The investment are done through pass-through entities. If there happens to be no QBI, the tax structure has to rely on renewable credit values before the end of 2019. 

    Production Tax Credit Phase-Out

    The production tax credit offered to renewable energy developers is based on the amount of electricity they produced. If the energy producers wanted to take full advantage of PTC, the tax burden was set so high that it was rare any single wind farm could meet it. So many energy developers hooked up with a bigger or stronger developer, so they’d have great tax liabilities. 

    They’d transfer tax credits as a form of equity for the partnerships. So wind energy projects had an initial investment when the energy project connected to the grid. That money would be used to pay off loans, or it served as an alternative source of ongoing income for the energy project.

    When the wind energy project was fully operational, the tax equity investor took some of the project’s revenue, losses, and tax credits as their own for their investment return. It was called flipping, and it worked very well for wind energy projects to grow in value equity. Now that PTC’s tax equity revenue stream is unavailable, the investors and developers of wind energy may do what the solar energy participants are doing now.

    The End of PTC Doesn’t Mean the End of Wind Energy Development Investments

    The investors and participants understand the up and down value-chain doesn’t give large returns. They understand that just because PTC is ending doesn’t mean there’s an impact on today’s low-cost wind energy. It also won’t slow down wind energy development.

    But investors and developers now have to assess if the amount of time, effort, and money it takes to develop wind energy projects are worth it. There should be a replacement for PTC that helps not only the wind energy developer but also progresses the technology of wind energy. 

    The New Initiatives That Would Help Promote Wind Energy

    If a tax credit similar to PTC was created for storage technologies or transmission infrastructures, it would provide the firm foundation wind energy developers. It makes sense to offer transmission incentives for wind energy projects. Wind energy project have prohibitive costs with long-distance transmission lines.

    Whether the incentive comes as a tax credit or direct federal grant benefit, it helps balance the variable production of wind energy. Wind energy projects could also benefit from federal loan guarantees to reduce their financial risk. Tax incentives for useful research on alternative energy technologies are very much needed.

    Tax incentives for useful research on alternative energy technologies are very much needed. Any application promoting the benefits of alternative energy technologies improves wind energy projects. It also helps other forms of renewable energy projects.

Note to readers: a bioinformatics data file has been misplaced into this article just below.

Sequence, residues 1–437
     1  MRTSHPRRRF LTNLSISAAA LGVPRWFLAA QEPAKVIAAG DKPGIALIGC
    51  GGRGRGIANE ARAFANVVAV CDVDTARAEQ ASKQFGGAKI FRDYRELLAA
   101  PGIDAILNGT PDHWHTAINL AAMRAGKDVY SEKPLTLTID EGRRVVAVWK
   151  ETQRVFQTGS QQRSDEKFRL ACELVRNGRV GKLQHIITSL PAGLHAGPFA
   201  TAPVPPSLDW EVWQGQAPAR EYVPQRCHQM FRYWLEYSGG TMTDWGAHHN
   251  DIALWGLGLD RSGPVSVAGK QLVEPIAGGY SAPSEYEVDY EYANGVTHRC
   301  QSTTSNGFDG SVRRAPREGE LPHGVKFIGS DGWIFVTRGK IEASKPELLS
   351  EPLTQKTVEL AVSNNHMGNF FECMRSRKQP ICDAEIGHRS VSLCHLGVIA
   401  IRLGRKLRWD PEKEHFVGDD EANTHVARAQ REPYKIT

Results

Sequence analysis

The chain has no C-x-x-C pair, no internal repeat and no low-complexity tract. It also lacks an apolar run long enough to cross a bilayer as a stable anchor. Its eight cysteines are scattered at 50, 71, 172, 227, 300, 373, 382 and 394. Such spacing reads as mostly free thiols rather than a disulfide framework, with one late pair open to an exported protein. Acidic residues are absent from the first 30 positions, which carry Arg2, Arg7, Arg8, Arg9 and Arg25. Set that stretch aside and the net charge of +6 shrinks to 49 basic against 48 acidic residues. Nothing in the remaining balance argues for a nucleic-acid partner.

Ideal Market Environments for Wind Power

    There’s nothing that can replace the benefits wind power gives the world. It provides low-cost-carbon-free power. Other forms of renewable energy are also beneficial to the world’s environment.

    But nothing with the exact specifics of wind energy. The IRS has proven to be very helpful in growing and developing wind energy projects through PTC and other subsidized government tax breaks or financial incentives. But the federal government may want to think some more about leaving wind energy to stand without any tax breaks, incentives, or tax deductions of any substantial consequence.

    Wind energy still needs to expand its capacity so electricity can continue to decrease in costs.

    Tax Law Production Tax Credit

    Still, Have Questions?

    Many questions may remain regarding the end of the production tax credit. The impact of the end of PTC on the renewable energy sector is still unknown. There are some additional workarounds being considered, but legal tax help and guidance is mandatory due to the complexity of some of these tax benefits.

    One idea is to create a wind development project with business income received through a blocker corporation. A blocker company or blocker vehicle could be created for investors where the corporation doesn’t pay dividends and is a tax-efficient pass-through structure. The pass-through corporation could leverage their investments, which should reduce the corporate level tax because of the interest deductions.

    The one notable caveat is no interest deduction could be more than 30% of adjusted taxable income. If you want to know more about the phase out of wind production tax credits or how you can create a tax strategy that will help you receive the tax benefits you need, there’s a place you can go. Silver Tax Group wants to hear about your tax benefit and deduction needs. 

    Reach out to Silver Tax Group because the new tax reforms can work for you while you concentrate on helping the state of planet Earth.